ORGANIZATION AND GENERAL STYLE OF RESEARCH ARTICLES

Articles need to be efficient and concise.

Title page: Title page must indicate: title of the paper, first name(s) and surname(s) of all author(s) with full address(es) of institute(s) and e-mail address to which proofs should be sent.

Abstract: Please provide a single paragraph of fewer than 250 words with no dividing subheadings. The abstract should not contain any undefined abbreviations or unspecified references.

Keywords: Please provide 5 keywords which can be used for indexing purposes.

Acknowledgments and Funding Information: Acknowledgments of people, grants, funds, etc. should be placed in a separate section on the title page. The names of funding organizations should be written in full. In addition, please provide the funding information in a separate step of the submission process in the peer review system. Funder names should preferably be selected from the standardized list you will see during submission. If the funding institution you need is not listed, it can be entered as free text. Funding information will be published as searchable metadata for the accepted article, whereas acknowledgements are published within the paper.

Introduction: Succinct, no subheadings.

Materials and methods: Should follow the Introduction and should provide enough information to permit repetition of the experimental work.

Results and Discussion: May each be divided by subheadings. Symbols and names for genetic loci, alleles, DNA and RNA should be italicized. Nonstandard abbreviations should be defined when first used in the text. All text should be double spaced.

References: The list of references should only include articles that have been published or are in press. Personal communications should be documented by a letter of permission. A paper published online but not (yet) in print can be cited using the Digital Object Identifier (DOI). The DOI should be added at the end of the reference in question. The entries should be listed in alphabetical order and include all authors (do not use et al.) followed by year of publication in brackets. Title is in lower case letters, not italicized and should be followed by the journal name and volume number with inclusive page numbers, no issue numbers; no full stop at the end of a reference.

Please use the following style:

Article published in a journal

Subramaniam S, Strelau J, Unsicker K (2003) Growth differentiation factor-15 prevents low potassium-induced cell death of cerebellar granule neurons by differential regulation of Akt and ERK pathways. J Biol Chem 278:8904–8912

An entire book

Furness JB, Costa M (1987) The enteric nervous system. Churchill Livingstone, Edinburgh

Article published in a book

Unsicker K, Suter-Crazzolara C, Krieglstein K (1999) Neurotrophic roles of GDNF and related factors. In: Hefti F (ed) Handbook of experimental pharmacology, vol 134. Neurotrophic factors. Springer, Berlin Heidelberg New York, pp 189–224

Article published online

Corley M, Kroll KL (2014) The roles and regulation of Polycomb complexes in neural development. Cell Tissue Res. doi: 10.1007/s00441-014-2011-9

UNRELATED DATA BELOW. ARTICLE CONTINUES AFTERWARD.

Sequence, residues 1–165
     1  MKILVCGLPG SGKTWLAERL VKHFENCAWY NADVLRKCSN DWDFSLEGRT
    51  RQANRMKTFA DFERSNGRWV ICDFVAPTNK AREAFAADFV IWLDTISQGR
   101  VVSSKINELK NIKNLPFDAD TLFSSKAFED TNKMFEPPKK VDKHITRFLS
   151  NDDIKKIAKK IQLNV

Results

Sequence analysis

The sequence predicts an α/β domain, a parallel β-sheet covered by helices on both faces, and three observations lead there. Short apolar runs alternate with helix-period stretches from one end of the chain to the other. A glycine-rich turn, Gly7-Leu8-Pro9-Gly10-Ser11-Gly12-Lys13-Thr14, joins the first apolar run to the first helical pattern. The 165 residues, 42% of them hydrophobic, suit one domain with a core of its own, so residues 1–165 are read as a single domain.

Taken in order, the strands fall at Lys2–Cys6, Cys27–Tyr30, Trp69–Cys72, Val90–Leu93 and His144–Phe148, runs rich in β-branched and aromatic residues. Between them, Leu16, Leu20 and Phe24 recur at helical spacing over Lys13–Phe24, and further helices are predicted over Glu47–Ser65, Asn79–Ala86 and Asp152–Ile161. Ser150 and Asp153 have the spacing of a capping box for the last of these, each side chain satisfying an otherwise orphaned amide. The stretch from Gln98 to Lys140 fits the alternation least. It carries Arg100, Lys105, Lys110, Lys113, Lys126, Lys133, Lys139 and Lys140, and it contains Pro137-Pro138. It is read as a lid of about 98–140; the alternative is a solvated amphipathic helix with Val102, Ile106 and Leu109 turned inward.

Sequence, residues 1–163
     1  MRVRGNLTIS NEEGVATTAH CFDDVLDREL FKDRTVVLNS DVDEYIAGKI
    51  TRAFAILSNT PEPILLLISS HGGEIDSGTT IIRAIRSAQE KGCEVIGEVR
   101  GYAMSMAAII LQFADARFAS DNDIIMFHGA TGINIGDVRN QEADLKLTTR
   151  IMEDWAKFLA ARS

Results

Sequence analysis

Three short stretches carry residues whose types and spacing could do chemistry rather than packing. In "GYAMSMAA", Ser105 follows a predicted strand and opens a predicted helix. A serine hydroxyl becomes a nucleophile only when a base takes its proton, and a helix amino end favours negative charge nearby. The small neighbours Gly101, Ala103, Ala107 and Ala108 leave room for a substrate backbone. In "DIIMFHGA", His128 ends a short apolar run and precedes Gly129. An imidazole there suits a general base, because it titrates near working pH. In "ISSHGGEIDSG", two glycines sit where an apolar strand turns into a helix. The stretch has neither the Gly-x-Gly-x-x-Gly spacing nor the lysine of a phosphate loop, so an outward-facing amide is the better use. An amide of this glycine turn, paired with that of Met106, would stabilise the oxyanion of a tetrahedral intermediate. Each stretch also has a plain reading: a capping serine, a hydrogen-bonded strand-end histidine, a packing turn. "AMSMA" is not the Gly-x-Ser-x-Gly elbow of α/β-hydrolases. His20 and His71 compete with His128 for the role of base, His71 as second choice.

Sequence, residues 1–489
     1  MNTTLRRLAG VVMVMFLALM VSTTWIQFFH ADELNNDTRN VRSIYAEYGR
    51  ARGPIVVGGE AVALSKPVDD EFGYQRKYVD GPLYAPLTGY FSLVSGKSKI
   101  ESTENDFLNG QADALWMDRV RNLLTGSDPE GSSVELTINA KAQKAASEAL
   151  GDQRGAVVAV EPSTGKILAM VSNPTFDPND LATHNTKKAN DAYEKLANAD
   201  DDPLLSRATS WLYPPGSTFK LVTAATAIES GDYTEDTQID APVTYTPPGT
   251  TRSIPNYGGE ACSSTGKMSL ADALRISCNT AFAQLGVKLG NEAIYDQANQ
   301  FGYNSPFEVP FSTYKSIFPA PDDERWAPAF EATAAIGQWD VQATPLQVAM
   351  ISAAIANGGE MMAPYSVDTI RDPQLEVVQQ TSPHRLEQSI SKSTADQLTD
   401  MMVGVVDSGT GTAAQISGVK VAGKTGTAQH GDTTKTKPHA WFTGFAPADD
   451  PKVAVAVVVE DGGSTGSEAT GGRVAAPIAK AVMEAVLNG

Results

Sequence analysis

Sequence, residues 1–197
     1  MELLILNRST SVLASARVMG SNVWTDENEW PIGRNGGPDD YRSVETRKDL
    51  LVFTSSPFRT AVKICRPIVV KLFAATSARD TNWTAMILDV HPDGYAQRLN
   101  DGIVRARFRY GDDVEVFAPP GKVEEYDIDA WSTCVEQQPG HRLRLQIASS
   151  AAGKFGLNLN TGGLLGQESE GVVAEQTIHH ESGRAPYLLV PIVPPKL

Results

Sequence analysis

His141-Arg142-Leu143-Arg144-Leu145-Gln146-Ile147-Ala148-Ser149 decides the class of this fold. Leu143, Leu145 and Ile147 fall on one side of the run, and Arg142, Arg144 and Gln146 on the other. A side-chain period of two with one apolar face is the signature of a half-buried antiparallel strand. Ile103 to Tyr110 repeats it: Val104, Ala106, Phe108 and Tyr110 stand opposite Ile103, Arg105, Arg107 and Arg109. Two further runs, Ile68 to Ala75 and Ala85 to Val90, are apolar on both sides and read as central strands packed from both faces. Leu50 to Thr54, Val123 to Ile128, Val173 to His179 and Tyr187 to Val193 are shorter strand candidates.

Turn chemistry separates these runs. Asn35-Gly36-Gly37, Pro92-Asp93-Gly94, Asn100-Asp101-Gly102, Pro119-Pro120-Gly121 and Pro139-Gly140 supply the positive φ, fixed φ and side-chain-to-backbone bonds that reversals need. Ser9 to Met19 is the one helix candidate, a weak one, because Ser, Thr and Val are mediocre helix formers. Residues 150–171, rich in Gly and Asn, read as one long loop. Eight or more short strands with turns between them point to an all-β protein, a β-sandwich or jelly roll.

Always use the standard abbreviation of a journal’s name according to the ISSN List of Title Word Abbreviations, see ISSN.org LTWA

If you are unsure, please use the full journal title.

A paper published online but not (yet) in print can be cited using the Digital Object Identifier (DOI). The DOI should be added at the end of the reference in question.

The entries should be listed in alphabetical order and include all authors (do not use et al.) followed by year of publication in brackets. Title is in lower case letters, not italicized and should be followed by the journal name and volume number with inclusive page numbers, no issue numbers; no full stop at the end of a reference.

Tables

  • All tables are to be numbered using Arabic numerals.
  • Tables should always be cited in text in consecutive numerical order.
  • For each table, please supply a table caption (title) explaining the components of the table.
  • Identify any previously published material by giving the original source in the form of a reference at the end of the table caption.
  • Footnotes to tables should be indicated by superscript lower-case letters (or asterisks for significance values and other statistical data) and included beneath the table body.

Artwork

For the best quality final product, it is highly recommended that you submit all of your artwork – photographs, line drawings, etc. – in an electronic format. Your art will then be produced to the highest standards with the greatest accuracy to detail. The published work will directly reflect the quality of the artwork provided.

Electronic Figure Submission

  • Supply all figures electronically.
  • Indicate what graphics program was used to create the artwork.
  • For vector graphics, the preferred format is EPS; for halftones, please use TIFF format. MS Office files are also acceptable.
  • Vector graphics containing fonts must have the fonts embedded in the files.
  • Name your figure files with "Fig" and the figure number, e.g., Fig1.eps.

Line Art

  • Definition: Black and white graphic with no shading.